His attitude might also be a comment on the fact that the two characters had spent the past 7 years as a couple despite barely ever being presented as such, and considering that Gillen basically breaks them out of gay jail in the first pages of issue #1 by tackling their relationship right on, I wouldn’t really be surprised if it was. Regardless, as Wiccan, Billy is someone with the potential to control reality itself (adding to the roster yet another character who can change himself and / or the things around him), and by hiding, he’s allowing reality to control him instead. He’s denying his own influence on the world, and it’s only after fully embracing his superhero identity that he’s allowed to fight back in a way that very much mirrors how a queer person can have a much greater impact on how the world around them perceives them once they’ve accepted themselves and their sexual identity.

There is a discussion to be had about how independent of their sexuality a LGBT character truly is in regards of how realistic the world around them treats them. A big problem with representation is that, even if you manage to write about queer or racialized characters, you’re not always going to want to portray the negative impact that racism, homophobia, or transphobia might have on them because that might not be the centerpiece of your story. If systemic oppression is completely ignored in a work, the value of such representation might be hindered, because it doesn’t address the way in which society treats minorities, and for most of us that is a very important part of the experience that should not be left out. However, by mirroring their relationship with queerness through the classic superhero identity struggle, Gillen allows himself to have a queer cast in a mostly healthy and accepting environment while still discussing how sexuality and gender affect these characters, which is, I believe, one of the things that make this book so interesting. Nobody in the book is explicitly homophobic, and yet the metaphor he uses to depict their respective relationships towards their own sexuality serves as a way to address those issues while still being an incredibly fun, mostly light-hearted, and beautifully drawn superhero comic.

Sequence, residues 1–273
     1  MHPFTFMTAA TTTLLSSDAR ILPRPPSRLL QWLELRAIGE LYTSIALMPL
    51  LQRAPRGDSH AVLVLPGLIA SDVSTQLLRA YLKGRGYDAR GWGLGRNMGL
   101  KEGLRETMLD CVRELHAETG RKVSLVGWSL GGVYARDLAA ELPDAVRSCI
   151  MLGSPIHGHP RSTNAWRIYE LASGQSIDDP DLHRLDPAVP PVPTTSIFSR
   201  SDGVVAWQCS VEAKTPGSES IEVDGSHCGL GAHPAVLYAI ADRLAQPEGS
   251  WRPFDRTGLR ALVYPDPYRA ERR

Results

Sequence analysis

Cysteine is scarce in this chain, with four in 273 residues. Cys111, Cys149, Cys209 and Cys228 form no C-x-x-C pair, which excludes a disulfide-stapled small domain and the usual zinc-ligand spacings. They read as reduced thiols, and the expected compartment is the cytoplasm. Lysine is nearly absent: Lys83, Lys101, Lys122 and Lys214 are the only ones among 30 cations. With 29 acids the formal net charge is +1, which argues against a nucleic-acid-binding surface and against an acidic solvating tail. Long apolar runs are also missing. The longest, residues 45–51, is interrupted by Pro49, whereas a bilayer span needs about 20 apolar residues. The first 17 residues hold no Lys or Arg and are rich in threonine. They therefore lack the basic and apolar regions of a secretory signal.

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Roque Briones is a Spanish comic-book and manga fanatic currently studying for a degree in English Literature. He also hosts a humble comic-book reading club at his favorite library and has been working on self-publishing his own comic book alongside a close friend. Sequart is his first interaction with the world of academic articles.